Reading the liner notes on the Margaret Cho "Assassin" DVD, I was prepared for a Michael Moore-style attack on the Bush administration—a witty, clever, research-based, and, yes, laugh-out-loud funny assault on the greatest divider this nation has seen since Abraham Lincoln. Though left-leaning, rational people think that almost everything George W. Bush does is already a joke, I was curious to watch her version of what I suspected would be a late-night comic's carving up of W.—a target so easy that he's hard to miss. Like Bart Simpson's "I didn't do it," Bush's straight-faced denials are already the stuff of great comedy, so that a writer doesn't have to do much of anything to the material. I mean, a recent news story has him and his cohorts responding to the latest report of secret CIA torture chambers by chiding a certain Mid-East government for using torture and saying "We do not torture anybody." Which, of course, leaves anyone who saw photos or read the report on the Abu Ghraib prison scandal holding their sides. Who needs David Letterman with material like this?
I hadn't seen Cho perform before, but imagine my surprise when I saw, instead, a slender female stand-up version of the rotund and pompous Rush Limbaugh—a man whose rants show zero evidence of his having any knowledge of a topic, and who seems incapable of speaking without spouting venomous personal attacks. To Limbaugh, and others like him, name-calling and overgeneralizations constitute an argument. Well, they don't. Nor do they constitute a comedy routine.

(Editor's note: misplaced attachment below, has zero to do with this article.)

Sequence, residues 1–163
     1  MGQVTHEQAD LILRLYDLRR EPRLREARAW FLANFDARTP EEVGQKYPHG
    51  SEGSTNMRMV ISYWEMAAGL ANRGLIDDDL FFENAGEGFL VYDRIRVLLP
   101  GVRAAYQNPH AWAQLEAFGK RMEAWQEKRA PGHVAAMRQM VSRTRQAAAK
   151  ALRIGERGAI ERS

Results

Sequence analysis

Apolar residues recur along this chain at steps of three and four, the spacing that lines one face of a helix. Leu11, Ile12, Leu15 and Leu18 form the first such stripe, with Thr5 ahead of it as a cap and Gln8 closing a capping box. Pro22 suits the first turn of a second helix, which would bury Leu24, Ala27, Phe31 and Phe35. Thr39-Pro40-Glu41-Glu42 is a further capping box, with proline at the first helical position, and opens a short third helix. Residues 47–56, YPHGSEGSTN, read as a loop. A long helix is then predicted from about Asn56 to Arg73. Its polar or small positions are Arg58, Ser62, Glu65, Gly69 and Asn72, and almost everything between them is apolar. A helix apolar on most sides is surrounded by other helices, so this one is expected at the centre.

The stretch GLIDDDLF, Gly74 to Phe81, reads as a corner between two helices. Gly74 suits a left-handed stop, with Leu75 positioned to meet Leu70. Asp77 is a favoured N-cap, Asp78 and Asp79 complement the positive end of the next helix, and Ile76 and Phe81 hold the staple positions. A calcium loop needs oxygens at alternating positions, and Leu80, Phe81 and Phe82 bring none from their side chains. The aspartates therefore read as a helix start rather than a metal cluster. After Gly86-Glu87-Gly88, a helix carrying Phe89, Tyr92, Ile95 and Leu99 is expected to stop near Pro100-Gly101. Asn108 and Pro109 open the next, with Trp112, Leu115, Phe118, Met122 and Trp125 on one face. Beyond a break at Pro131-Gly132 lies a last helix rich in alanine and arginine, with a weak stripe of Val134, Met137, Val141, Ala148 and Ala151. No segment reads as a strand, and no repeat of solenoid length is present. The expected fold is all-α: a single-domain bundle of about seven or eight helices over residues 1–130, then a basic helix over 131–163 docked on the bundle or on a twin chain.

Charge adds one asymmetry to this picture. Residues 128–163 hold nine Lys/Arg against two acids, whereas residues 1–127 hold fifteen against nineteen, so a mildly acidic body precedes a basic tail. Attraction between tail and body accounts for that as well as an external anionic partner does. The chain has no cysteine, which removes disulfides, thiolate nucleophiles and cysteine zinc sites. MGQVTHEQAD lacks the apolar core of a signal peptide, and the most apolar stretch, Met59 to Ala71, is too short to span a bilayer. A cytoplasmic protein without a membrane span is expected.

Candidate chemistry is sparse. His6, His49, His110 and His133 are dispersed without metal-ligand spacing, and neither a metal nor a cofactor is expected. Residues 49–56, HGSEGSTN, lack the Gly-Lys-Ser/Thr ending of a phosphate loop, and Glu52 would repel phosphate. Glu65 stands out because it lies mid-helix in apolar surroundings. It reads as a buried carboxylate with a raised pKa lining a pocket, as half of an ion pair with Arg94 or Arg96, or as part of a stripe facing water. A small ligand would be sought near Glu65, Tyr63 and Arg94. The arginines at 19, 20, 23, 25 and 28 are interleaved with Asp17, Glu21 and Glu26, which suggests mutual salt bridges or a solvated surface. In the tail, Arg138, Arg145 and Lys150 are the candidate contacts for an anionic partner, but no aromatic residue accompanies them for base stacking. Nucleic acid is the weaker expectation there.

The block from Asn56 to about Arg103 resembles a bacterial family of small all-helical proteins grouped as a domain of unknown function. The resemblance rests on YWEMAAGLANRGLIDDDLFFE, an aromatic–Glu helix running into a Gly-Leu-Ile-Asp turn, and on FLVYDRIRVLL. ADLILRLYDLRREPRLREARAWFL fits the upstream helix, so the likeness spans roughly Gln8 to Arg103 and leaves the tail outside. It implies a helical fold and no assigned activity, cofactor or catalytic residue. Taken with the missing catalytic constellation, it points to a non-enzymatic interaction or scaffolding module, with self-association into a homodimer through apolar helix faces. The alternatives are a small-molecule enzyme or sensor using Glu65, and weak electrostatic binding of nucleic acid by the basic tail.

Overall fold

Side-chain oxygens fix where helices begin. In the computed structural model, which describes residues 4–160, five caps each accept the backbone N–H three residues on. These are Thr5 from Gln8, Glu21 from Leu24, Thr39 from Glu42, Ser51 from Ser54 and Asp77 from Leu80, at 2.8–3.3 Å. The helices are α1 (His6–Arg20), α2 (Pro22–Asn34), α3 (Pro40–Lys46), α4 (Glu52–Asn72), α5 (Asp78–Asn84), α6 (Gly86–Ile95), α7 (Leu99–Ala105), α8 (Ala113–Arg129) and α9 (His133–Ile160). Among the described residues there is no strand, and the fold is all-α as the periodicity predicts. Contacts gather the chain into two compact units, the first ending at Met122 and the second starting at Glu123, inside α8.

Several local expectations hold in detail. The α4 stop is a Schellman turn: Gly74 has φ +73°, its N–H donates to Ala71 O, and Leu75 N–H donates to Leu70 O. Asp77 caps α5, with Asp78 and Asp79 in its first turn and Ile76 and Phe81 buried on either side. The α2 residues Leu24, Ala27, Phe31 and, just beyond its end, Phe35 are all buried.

Cho's humor—at least in this stand-up routine—isn't terribly penetrating or insightful. To make jokes about Condi Rice's dominatrix outfit? It's already been done, and by anybody and everybody who saw her splashed in the news in that all-black outfit with spiked heels. You didn't even have to be a comic to make that comparison. And United Nations' critic John Bolton's appointment to the U.N.? "It's like sending Eminem to f__ing marshall the Gay Pride Parade," Cho says. That's one of her funnier lines, and it's also, unfortunately, another obvious one. As she rants against red-state voters, invective often overpowers the humor, to where she's saying the red-blue map is convenient because now we know where "all the stupid people" are. When she goes off on Christians, the humor all but disappears: "They have no right to call themselves Christians," she says, then proceeds to talk about the "Bible-thumping, cousin-humping, monster truck enthusiasts" who put Bush in office. I have a problem with fundamentalist Christians, but their antics in the political arena are certainly worthy of better jokes than this.